Haeckel's second pedigree is as follows: - In representing pictorially the groups of the animal kingdom as the branches of a tree, it becomes obvious that a distinction may be drawn, not merely between the individual main branches, but further as to the level at which they are given off from the main stem, so that one branch or set of branches may be marked off as belonging to an earlier or lower level than another set of branches; and the same plan may be adopted with regard to the clades, classes and smaller branches.
To commemorate his Sicilian victory, he caused it to be pictorially represented on the wall of the Curia Hostilia, the first example of an historical fresco at Rome.
How they conveyed their meaning, how far they pictorially represented ideas or spelt words in the different languages of the country, is a question not yet answered in a complete way; Landa's description (p. 320) gives a table of a number of their elements as phonetically representing letters or syllables, but, though there may be a partial truth in his rules, they are insufficient or too erroneous to serve for any general decipherment.
The employment of the signs are of three kinds: any given sign represents either (I) a whole word or root; or (2) a sound as part of a word; or (3) pictorially defines the meaning of a word the sound of which has already been given by a sign or group of signs preceding.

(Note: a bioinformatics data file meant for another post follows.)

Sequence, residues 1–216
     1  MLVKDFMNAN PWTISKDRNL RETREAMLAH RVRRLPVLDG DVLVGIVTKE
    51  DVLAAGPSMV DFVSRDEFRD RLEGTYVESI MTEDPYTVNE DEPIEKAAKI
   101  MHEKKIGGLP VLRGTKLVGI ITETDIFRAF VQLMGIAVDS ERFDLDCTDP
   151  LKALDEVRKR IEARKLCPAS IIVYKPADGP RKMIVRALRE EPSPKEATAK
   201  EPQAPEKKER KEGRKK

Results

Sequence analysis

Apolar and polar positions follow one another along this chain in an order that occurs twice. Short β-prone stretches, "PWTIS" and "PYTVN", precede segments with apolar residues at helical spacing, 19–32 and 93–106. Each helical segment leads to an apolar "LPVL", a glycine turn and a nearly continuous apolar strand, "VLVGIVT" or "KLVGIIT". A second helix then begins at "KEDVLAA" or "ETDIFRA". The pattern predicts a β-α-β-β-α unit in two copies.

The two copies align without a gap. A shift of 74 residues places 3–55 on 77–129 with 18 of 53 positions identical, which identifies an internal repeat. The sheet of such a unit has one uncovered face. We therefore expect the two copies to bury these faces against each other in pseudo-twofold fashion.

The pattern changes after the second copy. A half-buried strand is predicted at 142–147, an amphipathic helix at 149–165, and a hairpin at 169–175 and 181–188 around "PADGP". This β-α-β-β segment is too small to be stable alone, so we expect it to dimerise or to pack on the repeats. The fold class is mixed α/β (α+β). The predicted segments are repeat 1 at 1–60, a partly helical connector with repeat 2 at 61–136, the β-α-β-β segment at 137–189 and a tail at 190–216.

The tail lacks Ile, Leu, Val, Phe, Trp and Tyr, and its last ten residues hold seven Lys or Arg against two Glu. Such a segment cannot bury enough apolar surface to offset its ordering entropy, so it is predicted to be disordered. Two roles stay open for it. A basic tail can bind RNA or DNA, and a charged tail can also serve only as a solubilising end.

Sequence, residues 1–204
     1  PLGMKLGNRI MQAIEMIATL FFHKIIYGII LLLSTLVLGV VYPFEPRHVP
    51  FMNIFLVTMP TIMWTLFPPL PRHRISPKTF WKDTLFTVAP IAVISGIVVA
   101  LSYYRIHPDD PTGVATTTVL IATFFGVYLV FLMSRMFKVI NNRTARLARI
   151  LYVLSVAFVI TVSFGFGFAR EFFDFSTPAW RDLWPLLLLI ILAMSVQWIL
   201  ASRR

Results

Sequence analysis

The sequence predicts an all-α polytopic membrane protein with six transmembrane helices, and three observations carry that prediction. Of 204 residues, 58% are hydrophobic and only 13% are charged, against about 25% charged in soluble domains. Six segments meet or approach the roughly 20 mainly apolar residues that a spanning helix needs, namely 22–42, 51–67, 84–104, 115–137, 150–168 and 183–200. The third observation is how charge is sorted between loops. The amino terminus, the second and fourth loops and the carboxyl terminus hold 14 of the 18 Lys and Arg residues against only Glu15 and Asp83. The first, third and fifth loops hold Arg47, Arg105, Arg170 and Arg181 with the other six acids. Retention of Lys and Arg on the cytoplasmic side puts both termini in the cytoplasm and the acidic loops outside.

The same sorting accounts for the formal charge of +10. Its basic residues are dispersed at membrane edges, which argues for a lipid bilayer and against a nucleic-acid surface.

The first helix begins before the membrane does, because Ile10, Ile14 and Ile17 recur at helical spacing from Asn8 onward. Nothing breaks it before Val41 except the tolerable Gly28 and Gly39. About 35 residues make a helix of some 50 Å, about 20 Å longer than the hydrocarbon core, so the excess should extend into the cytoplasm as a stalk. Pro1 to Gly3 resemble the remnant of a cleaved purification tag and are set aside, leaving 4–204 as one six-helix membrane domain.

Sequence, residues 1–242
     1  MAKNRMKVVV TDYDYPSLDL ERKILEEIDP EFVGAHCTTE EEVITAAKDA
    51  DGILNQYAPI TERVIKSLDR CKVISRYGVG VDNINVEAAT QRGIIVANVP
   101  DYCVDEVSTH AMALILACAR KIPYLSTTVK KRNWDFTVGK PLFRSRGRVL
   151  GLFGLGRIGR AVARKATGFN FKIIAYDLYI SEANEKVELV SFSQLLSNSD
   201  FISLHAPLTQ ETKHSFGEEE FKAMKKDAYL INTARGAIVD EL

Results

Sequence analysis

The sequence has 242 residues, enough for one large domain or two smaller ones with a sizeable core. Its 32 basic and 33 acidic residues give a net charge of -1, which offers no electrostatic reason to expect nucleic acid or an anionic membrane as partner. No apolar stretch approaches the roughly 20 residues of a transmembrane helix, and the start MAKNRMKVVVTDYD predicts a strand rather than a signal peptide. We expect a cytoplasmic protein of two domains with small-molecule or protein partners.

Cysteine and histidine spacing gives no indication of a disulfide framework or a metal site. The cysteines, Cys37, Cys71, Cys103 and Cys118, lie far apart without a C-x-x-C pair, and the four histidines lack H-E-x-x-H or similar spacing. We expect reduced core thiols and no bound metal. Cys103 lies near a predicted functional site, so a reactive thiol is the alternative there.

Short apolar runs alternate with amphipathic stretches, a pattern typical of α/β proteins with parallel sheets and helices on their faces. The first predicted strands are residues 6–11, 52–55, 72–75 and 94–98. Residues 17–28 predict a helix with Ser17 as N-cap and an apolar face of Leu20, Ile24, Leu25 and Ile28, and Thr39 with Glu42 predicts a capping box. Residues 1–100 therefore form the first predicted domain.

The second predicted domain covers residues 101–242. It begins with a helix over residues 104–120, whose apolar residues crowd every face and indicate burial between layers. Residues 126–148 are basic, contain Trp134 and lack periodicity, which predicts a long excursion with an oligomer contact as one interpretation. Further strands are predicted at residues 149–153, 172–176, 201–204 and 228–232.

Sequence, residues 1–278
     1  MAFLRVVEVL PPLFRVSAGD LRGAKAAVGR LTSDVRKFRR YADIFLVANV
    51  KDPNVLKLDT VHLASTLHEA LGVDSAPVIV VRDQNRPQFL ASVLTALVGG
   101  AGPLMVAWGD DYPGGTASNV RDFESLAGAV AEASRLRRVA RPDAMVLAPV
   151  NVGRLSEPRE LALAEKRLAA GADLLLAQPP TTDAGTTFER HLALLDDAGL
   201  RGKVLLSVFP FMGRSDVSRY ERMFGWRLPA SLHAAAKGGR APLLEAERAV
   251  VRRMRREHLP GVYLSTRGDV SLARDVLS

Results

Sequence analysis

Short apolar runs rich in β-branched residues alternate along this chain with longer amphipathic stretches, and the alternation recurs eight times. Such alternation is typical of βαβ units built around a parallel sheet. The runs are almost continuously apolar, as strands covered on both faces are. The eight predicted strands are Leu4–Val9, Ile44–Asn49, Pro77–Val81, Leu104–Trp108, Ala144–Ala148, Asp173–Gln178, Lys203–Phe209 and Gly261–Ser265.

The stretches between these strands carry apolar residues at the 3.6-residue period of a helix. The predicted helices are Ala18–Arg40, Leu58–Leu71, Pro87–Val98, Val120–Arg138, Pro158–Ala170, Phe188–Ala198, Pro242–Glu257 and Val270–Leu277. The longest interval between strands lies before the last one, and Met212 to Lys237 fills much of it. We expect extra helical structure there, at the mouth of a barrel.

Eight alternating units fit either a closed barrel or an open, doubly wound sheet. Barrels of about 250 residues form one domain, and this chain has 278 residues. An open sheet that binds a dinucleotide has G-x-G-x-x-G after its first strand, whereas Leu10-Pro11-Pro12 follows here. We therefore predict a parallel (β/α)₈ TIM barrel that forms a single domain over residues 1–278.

So in the famous scene of the weighing of the soul, which first appears pictorially under the New Empire, she introduces the deceased before the forty-two assessors of the heavenly judge, Osiris, and presides over the scale in which his actions and life are weighed.
In the most ancient Egyptian records the gods are not pictorially represented, and we have not obtained from these records any descriptions of adoration and sacrifice.
His myth, to be afterwards narrated, is found pictorially represented in a tomb and in the late temple of Philae, is frequently alluded to in the litanies of the dead about 1400 B.C., is indicated with reverent awe by Herodotus, and after the Christian era is described at full length by Plutarch.